Editorial: Japan has a unique role to play in Afghan reconstruction

Can the reconstruction of Afghanistan truly be accomplished with a plan that seems to be lacking some essential components?

At the International Conference on Reconstruction Assistance to Afghanistan, organized by the Japanese government, the international community pledged to provide over 16 billion dollars (approximately 1 trillion 280 billion yen) toward this goal. The participants of the conference urged the Afghan government to address corruption within its ranks and plan to carry out assessments every two years of the mutual efforts being made.

Over ten years have passed since the United States entered Afghanistan to wage a “war on terror.” But all the military might and money devoted to the U.S.-led effort has yet to bring about peace in that nation.

Conditions, in fact, have gotten worse. Errant bombings by U.S. forces, resulting in the loss of life of many Afghan civilians, have led to the growth of anti-U.S. sentiment. As terrorism is the product of anger, this creates a vicious circle, and the Taliban, forced out of power not long ago, is regaining strength.

Meanwhile, as the conference pointed out, the Karzai administration, installed by the United States, has become heavily tainted by corruption. As vital monies disappear, the public suffers from drought and poverty. The unemployment rate is estimated at over 40 percent.

What is most needed right now are concrete measures to restore security and provide assistance to support the lives of the Afghan people.

The key to reconstruction over the long term is a political reconciliation with moderate members of the Taliban. By the end of 2014, the international forces currently in Afghanistan, including U.S. forces, will complete a full withdrawal and leave the Afghan government to manage the task of maintaining security. Building an international framework for promoting reconciliation between the Karzai administration and the Taliban has become an urgent matter.

At the same time, Japan’s role going forward should be re-examined.

Afghanistan is known as a nation that is “friendly” toward Japan. Some Afghans praise Japan as the only country which takes a “neutral” stance among the advanced nations of the world. Consequently, Japan, the A-bombed nation and a state that has renounced war, can serve as a mediator between Afghanistan and other countries. A mission of this kind, which only Japan can fulfill, should be part of our nation’s agenda.

The Japanese government must also take a hard look at its original measures designed to assist Afghan civilians.

The turning point should have come in 2009, when the Democratic Party of Japan took over the reins of the government. The new DPJ administration suspended the refueling mission by the Self-Defense Force, which had been an obligation of the Japan-U.S. alliance. To make up for this reversal, the new government proposed offering the massive sum of “up to five billion dollars over five years” in assistance.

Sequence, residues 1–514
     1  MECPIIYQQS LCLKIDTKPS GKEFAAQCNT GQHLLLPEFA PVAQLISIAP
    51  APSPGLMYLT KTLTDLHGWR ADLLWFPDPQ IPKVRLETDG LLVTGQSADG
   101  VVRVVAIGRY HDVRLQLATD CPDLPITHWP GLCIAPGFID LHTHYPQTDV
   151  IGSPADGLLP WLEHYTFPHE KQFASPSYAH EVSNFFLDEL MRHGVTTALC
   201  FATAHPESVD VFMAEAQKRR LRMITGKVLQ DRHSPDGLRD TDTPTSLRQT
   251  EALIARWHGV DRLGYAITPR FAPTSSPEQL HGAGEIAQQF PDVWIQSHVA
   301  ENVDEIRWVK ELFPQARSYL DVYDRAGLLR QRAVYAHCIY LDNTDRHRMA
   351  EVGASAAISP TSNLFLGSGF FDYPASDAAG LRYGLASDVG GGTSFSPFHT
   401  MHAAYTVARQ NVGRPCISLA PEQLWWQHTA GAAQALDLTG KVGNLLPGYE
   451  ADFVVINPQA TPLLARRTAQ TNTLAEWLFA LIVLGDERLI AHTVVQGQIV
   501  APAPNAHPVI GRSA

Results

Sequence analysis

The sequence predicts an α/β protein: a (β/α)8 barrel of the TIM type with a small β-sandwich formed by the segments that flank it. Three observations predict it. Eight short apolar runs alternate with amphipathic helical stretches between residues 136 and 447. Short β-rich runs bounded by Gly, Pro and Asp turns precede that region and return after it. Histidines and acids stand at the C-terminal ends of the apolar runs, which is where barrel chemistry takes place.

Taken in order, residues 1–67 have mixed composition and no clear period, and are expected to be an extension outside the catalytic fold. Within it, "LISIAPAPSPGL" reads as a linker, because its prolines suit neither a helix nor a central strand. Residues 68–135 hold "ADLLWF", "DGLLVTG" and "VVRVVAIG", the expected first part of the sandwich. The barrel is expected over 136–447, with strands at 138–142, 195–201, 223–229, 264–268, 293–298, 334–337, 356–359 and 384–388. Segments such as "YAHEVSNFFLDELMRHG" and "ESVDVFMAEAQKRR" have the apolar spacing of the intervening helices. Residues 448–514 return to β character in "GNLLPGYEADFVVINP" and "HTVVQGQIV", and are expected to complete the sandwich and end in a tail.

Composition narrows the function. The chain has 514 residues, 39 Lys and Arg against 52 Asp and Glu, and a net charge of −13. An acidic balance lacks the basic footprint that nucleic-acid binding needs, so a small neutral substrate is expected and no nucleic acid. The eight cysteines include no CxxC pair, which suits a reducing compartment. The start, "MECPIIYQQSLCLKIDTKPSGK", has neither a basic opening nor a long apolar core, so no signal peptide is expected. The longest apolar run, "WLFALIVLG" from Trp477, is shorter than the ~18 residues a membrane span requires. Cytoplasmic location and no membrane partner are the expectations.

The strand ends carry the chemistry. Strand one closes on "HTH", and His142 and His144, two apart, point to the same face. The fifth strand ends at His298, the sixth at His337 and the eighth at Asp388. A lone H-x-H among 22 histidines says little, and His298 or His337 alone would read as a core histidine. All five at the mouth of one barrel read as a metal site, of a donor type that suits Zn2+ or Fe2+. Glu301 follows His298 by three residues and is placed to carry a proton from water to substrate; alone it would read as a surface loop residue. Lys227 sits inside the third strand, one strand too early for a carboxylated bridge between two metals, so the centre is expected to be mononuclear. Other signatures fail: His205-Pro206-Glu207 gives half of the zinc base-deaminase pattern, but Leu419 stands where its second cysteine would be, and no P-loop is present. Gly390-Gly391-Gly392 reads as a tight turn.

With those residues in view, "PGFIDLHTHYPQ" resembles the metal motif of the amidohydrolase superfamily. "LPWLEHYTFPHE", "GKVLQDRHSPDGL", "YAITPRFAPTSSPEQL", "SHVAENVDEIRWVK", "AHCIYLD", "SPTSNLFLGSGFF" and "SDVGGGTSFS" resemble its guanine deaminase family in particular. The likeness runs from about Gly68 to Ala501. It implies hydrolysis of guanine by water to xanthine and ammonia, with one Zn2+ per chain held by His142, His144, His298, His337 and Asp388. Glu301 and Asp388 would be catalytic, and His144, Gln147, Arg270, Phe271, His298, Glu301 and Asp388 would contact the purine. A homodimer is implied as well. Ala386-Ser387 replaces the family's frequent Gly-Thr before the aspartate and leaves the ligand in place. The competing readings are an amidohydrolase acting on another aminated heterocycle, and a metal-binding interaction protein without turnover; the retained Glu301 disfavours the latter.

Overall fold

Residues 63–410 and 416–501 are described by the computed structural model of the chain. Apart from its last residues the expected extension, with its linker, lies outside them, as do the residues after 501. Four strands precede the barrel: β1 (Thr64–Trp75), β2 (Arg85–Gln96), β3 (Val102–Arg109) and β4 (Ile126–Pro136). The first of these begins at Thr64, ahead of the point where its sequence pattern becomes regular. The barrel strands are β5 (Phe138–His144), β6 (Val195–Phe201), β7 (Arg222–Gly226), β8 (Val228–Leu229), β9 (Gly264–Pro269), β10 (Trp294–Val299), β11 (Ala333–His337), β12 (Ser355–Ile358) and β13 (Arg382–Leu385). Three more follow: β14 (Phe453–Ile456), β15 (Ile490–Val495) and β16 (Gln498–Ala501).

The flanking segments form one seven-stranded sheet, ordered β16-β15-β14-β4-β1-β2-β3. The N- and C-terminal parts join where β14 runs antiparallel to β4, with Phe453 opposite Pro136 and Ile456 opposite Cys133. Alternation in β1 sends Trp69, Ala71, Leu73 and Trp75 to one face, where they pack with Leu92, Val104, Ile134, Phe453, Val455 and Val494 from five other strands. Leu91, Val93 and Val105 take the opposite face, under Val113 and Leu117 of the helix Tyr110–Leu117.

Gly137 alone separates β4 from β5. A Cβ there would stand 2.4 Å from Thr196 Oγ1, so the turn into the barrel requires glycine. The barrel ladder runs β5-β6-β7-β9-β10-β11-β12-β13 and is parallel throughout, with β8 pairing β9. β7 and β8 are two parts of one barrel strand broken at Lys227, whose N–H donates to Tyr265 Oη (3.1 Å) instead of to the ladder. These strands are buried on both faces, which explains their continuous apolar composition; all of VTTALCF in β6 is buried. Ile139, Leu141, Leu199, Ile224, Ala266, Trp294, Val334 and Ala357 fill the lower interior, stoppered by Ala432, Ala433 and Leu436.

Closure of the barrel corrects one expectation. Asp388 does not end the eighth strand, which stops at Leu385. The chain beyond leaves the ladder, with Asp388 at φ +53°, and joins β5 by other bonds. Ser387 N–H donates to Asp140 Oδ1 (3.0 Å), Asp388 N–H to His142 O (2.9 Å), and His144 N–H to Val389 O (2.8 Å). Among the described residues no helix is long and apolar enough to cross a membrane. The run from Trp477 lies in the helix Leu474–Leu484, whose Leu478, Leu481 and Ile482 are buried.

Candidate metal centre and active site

This financial assistance has reportedly been used for measures to improve security conditions and integrate former Taliban soldiers back into Afghan society. But how much of this money was used to better the lives of ordinary citizens is unknown. More detailed information is needed to confirm where the assistance went.

At the conference, Koichiro Gemba, Japan’s foreign minister, pledged to provide Afghanistan up to three billion dollars over five years, starting this year, as well as about one billion dollars to other nations in the region, including Pakistan. The top priority for these funds should be to restore the livelihoods of the people and, toward that end, the money must be administered more directly to the public.

The efforts of NGOs, which have been devoted to supporting Afghan civilians by becoming involved in the life of local communities and listening to the voices of residents, may serve as a guide.

One Japanese NGO, called “Peshawar-kai,” has been engaged in bringing water back to farmlands that have gone dry due to desertification. “One irrigation canal does more than one hundred health clinics,” is their contention. This effort seeks to restore Afghanistan’s original state, which was once a rich agricultural nation, and will surely yield long-term bounty for the people. The Japanese government should take the position of supporting such efforts by civil society.

Dedicated activities to support the Afghan people are also quietly being carried out closer to home. The Hiroshima Office of the United Nations Institute for Training and Research (UNITAR) has been involved in human development programs to assist Afghanistan’s reconstruction by inviting public servants and other officials to trainings in Hiroshima. Japan, as the A-bombed nation, should lend its unique perspective to Afghanistan to promote peace building there.

(Originally published on July 10, 2012)